Salem, Massachusetts

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Salem is a city in Essex County, Massachusetts, United States. The population was 40,407 at the 2000 census. It and Lawrence are the county seats of Essex County.[1] Home to Salem State University, the Salem Willows Park and the Peabody Essex Museum, Salem is a residential and tourist area which includes the neighborhoods of Salem Neck, The Point, South Salem and North Salem, Witchcraft Heights, Pickering Wharf, and the McIntire Historic District (named after Salem's famous architect and carver, Samuel McIntire).

Salem was one of the most significant seaports in early America. It has the first National Historic Site designated by Congress, Salem Maritime National Historic Site, which protects Salem's historic waterfront.[citation needed]

Featured notably in Arthur Miller's The Crucible, much of the city's cultural identity is reflective of its role as the location of the Salem Witch Trials of 1692: Police cars are adorned with witch logos, a local public school is known as the Witchcraft Heights Elementary School, the Salem High School athletic teams are named The Witches, and Gallows Hill, a site of numerous public hangings, is currently used as a playing field for various sports.

Tourists know Salem as a mix of important historical sites, New Age and Wiccan boutiques, and kitschy Halloween or witch-themed attractions.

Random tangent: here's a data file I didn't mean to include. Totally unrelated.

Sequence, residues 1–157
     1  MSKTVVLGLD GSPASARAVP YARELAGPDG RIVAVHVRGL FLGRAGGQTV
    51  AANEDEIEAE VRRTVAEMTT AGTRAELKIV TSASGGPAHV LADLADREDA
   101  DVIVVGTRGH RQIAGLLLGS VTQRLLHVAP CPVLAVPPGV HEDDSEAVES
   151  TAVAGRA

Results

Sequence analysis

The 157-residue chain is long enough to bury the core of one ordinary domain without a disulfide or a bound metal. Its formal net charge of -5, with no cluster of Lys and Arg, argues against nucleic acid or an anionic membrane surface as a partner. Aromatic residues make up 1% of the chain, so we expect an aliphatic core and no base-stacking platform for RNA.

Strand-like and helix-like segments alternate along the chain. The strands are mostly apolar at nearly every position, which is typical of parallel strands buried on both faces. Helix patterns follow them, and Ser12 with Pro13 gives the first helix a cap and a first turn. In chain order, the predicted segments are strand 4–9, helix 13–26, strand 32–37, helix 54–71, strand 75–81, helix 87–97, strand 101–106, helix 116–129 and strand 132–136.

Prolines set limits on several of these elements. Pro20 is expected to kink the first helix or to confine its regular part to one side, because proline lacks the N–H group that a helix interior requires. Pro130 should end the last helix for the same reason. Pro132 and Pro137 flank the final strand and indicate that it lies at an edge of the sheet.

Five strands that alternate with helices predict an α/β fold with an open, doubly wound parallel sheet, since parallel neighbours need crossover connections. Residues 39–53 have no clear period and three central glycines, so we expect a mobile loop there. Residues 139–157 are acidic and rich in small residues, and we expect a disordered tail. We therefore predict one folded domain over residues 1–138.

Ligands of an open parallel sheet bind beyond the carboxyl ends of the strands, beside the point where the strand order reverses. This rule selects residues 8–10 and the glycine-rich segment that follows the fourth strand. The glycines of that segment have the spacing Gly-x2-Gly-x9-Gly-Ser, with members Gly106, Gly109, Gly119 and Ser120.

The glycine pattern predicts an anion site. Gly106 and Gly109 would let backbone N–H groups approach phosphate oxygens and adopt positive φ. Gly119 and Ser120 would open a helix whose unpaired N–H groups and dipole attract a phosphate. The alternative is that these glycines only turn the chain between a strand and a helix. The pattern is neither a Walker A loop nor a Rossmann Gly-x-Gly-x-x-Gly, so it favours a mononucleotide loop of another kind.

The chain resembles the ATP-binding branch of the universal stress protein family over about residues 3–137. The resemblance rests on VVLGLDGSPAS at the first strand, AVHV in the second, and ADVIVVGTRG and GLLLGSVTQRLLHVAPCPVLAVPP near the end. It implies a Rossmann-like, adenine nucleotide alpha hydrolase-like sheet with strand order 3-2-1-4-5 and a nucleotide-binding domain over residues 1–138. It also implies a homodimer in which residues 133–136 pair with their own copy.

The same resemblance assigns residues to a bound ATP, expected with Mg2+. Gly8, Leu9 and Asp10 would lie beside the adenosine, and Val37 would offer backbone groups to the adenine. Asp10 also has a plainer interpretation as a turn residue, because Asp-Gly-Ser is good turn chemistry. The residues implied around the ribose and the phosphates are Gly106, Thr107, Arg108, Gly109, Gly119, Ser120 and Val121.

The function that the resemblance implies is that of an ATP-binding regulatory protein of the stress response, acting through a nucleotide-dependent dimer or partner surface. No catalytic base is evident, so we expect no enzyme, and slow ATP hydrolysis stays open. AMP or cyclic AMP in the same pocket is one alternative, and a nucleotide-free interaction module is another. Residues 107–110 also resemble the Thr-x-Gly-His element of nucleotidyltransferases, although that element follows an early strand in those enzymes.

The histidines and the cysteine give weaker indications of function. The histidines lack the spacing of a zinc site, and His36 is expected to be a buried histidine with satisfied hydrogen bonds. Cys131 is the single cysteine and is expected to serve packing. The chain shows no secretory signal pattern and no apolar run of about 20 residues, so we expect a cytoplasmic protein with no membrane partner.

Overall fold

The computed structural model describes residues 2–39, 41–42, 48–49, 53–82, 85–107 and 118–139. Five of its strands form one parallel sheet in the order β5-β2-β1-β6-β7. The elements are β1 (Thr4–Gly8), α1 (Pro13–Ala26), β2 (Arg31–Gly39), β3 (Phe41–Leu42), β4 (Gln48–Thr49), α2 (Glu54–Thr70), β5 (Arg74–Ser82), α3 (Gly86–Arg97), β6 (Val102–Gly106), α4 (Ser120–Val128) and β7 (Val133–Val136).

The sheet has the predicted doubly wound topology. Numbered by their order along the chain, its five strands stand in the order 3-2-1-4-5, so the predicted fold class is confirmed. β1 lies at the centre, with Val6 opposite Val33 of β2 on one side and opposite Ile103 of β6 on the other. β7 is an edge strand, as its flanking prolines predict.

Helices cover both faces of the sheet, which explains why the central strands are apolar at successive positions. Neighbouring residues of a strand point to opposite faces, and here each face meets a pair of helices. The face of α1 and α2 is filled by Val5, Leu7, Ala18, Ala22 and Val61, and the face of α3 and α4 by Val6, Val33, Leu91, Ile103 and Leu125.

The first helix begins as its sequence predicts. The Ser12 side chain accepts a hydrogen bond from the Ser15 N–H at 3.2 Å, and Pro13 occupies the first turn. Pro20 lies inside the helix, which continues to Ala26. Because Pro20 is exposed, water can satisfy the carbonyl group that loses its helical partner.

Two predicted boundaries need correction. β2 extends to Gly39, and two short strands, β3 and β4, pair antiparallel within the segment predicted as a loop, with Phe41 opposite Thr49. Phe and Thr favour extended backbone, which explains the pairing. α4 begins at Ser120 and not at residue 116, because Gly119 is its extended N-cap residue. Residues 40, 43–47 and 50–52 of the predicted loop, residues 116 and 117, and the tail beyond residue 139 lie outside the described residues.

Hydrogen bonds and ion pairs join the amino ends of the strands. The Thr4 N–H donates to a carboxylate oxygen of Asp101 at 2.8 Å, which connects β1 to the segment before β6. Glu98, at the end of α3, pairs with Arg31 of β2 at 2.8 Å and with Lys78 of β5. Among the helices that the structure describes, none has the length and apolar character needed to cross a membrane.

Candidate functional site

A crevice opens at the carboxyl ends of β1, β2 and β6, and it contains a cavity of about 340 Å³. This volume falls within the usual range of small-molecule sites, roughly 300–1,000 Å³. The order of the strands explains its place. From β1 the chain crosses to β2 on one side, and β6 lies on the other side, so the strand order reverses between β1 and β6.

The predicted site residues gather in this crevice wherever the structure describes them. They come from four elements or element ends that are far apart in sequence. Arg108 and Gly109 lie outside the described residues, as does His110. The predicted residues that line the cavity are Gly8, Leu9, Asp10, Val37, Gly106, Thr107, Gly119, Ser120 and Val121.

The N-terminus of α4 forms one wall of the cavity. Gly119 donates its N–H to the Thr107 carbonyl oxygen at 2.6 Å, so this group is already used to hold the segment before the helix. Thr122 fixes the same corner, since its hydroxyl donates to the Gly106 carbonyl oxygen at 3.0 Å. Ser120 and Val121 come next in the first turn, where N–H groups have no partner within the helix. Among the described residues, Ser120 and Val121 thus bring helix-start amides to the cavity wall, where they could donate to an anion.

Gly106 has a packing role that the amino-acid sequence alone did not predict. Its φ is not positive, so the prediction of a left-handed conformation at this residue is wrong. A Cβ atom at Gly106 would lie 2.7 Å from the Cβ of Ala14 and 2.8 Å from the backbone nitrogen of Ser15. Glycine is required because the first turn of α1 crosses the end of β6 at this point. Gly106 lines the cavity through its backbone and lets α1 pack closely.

Contents

History

Salem was founded at the mouth of the Naumkeag river in 1626 at the site of an ancient Native American village and trading center (it was originally called Naumkeag and was renamed Salem three years later) by a company of fishermen from Cape Ann led by Roger Conant, and incorporated in 1629. Conant’s leadership had provided the stability to survive the first two years, but he was immediately replaced by John Endicott, one of the new arrivals, by order of the Dorchester Company. Conant graciously stepped aside and was granted 200 acres (0.81 km2) of land in compensation. These “New Planters” and the “Old Planters” agreed to cooperate, in large part due to the diplomacy of Conant and Endicott. In recognition of this peaceful transition to the new government, the name of the settlement was changed to Salem, a corruption of the Hebrew word ‘shalom'.[2]

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